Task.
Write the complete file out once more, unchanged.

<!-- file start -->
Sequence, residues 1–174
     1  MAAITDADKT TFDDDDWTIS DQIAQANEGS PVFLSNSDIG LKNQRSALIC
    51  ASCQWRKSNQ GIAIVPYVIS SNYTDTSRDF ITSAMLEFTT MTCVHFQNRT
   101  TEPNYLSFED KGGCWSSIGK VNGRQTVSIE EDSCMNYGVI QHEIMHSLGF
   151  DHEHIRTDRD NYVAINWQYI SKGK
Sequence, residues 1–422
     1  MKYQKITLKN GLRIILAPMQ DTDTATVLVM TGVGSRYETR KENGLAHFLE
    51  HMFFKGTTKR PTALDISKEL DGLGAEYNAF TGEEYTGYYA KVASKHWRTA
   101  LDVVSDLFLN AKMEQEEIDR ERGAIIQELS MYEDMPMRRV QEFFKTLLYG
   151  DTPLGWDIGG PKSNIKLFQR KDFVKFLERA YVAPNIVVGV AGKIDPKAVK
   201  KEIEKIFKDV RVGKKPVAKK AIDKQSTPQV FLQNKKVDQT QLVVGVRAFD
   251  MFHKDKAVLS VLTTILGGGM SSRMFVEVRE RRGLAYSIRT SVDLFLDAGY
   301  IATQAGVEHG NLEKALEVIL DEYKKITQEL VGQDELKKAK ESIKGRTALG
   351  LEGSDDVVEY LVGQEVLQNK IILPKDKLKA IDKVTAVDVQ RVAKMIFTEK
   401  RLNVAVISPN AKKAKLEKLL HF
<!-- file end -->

Sequence, residues 1–174
     1  MAAITDADKT TFDDDDWTIS DQIAQANEGS PVFLSNSDIG LKNQRSALIC
    51  ASCQWRKSNQ GIAIVPYVIS SNYTDTSRDF ITSAMLEFTT MTCVHFQNRT
   101  TEPNYLSFED KGGCWSSIGK VNGRQTVSIE EDSCMNYGVI QHEIMHSLGF
   151  DHEHIRTDRD NYVAINWQYI SKGK
Sequence, residues 1–422
     1  MKYQKITLKN GLRIILAPMQ DTDTATVLVM TGVGSRYETR KENGLAHFLE
    51  HMFFKGTTKR PTALDISKEL DGLGAEYNAF TGEEYTGYYA KVASKHWRTA
   101  LDVVSDLFLN AKMEQEEIDR ERGAIIQELS MYEDMPMRRV QEFFKTLLYG
   151  DTPLGWDIGG PKSNIKLFQR KDFVKFLERA YVAPNIVVGV AGKIDPKAVK
   201  KEIEKIFKDV RVGKKPVAKK AIDKQSTPQV FLQNKKVDQT QLVVGVRAFD
   251  MFHKDKAVLS VLTTILGGGM SSRMFVEVRE RRGLAYSIRT SVDLFLDAGY
   301  IATQAGVEHG NLEKALEVIL DEYKKITQEL VGQDELKKAK ESIKGRTALG
   351  LEGSDDVVEY LVGQEVLQNK IILPKDKLKA IDKVTAVDVQ RVAKMIFTEK
   401  RLNVAVISPN AKKAKLEKLL HF